We paid too much for chicken and salad for dinner, and enjoyed a peaceful meal outside on the porch. Evening birds bid us goodnight, as we drifted off on our first night away…


Vidins in Mackay :: Notes from the road

IMG_7555Home. I arrived back late last night. Bags have been unpacked, clothes washed, the car ridded of the collection of bug brains and sandy car seats. I’ve returned to four broody chickens, long grass, slightly larger tummy and much thinner wallet.
I’ve returned still loving Paul Simon and Johnny Cash. I’ve returned for a much greater appreciation for early European explorers and settlers. I’ve returned with spoonfuls of gratitude that I get to live in the great state of Queensland.
I’ve driven about 1200klm north, clicking just over 3200klm driving in total.
We traversed half the mighty Bruce Highway. We passed through crackly dry beef plains, head-high sugar fields, faded green bushland, the brilliant blue Whitsundays and through hundred-year old towns.

I’ve seen more roadkill than I can poke a stick at, cussed at more grey nomads you can poke a pension card at, been amazed, awestruck, laughed, giggled, hurled and everything in between.

So join me any my brood as I incorrectly recollect some of the best bits of when Vidins does Mackay.

Father’s Day matters more than ever


I remember seeing him in the freezing mornings covered in a blanket, on his knees in deep prayer and meditation.
I remember watching him shave every morning.
I remember being subject to his firm, yet loving discipline.
I remember his terrible jokes.
I remember watching his hair going grey and receding.
I remember being able to hear him clear his throat in the shower every morning.
I remember a man who, in retrospect, made very difficult decisions to lead his household in holy and righteous ways.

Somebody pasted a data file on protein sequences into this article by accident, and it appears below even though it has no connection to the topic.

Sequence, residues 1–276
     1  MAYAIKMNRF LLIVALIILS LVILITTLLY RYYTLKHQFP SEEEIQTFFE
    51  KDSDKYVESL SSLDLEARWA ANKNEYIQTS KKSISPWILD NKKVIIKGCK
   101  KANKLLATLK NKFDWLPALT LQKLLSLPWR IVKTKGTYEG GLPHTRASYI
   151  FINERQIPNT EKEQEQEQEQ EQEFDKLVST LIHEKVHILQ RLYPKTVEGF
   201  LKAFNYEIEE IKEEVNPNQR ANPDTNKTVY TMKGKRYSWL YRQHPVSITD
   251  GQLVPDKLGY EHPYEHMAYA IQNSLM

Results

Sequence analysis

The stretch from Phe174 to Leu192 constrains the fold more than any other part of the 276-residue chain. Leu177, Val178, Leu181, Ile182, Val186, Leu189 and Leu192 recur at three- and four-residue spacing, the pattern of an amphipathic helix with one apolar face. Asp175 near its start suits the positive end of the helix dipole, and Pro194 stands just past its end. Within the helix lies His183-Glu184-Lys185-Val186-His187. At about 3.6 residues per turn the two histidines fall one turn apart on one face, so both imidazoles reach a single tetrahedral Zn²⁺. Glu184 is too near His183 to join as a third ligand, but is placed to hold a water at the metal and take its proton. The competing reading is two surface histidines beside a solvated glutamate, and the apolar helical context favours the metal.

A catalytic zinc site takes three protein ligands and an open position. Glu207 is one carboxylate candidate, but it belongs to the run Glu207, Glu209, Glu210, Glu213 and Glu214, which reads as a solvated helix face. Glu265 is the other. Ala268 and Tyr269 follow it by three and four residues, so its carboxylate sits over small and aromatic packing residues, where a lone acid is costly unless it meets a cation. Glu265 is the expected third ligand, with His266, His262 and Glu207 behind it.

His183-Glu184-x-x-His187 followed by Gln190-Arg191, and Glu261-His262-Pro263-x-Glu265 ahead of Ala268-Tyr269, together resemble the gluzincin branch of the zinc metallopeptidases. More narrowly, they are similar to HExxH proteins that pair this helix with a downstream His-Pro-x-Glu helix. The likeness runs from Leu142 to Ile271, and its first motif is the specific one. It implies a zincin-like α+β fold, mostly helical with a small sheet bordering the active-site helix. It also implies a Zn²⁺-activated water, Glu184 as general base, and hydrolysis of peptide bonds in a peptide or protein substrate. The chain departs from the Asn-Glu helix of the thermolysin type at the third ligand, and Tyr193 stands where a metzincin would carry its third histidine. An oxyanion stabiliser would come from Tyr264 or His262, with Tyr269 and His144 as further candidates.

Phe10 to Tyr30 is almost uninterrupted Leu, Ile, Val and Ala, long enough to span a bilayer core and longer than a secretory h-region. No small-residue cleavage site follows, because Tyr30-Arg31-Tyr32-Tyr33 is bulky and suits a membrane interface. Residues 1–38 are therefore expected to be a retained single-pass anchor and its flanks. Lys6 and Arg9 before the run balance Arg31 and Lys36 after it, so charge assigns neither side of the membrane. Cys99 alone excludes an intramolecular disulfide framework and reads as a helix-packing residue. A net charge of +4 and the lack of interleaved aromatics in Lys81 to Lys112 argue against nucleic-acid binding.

I remember a man who would take punch after punch to drag his children out of the gates of hell.

I am blessed to have this man, who called me his own, even though I wasn’t. This man who took responsibility for me in every way, and to the best of his capacity. A man who still does this, even to this day.

Yes, I am talking about my step-dad, a man whom I have absolute respect and love for.

Despite these rich blessings, he wasn’t, and never will be my dad. Even though he loves me like a son, and offers me the same rights and privileges as all his children, he is not, and will never be my dad.

There are some that have been arguing that all a child needs is love. That love is love. And who can argue against the fact that a child needs love to bloom and flourish?

My dad was taken from me by cancer, but I am still blessed to not have my heritage withheld from me. I am still blessed to know my dad’s family – uncles, cousins, extended family. I can look at a family photo and see exactly where I fit in. I can see the classic Vidins traits in my brothers, my uncles, my cousins, my niece and nephew. I know where I’m from. I know where half my roots lie, where half my heritage is from.

I can’t imagine what it would be like not to know half my story. To look in the mirror and only have half the picture. To look at a family tree and not know half the roots, or half the branches. To not know the heritage, faith, ideals, quirks of half your family. To be robbed of being able to make up your own mind on your identity.

Love was never in question when I grew up. I got it in spoonfuls from my mum, my dad, my step dad and a host of extended family on all three sides of my family. I never had a deficit of love. I just didn’t have my dad. I remember snippets and snapshots, I’ve got second hand stories and a his smile when I look in the mirror. I’ve got his name on my birth certificate and his ears sticking out of my head.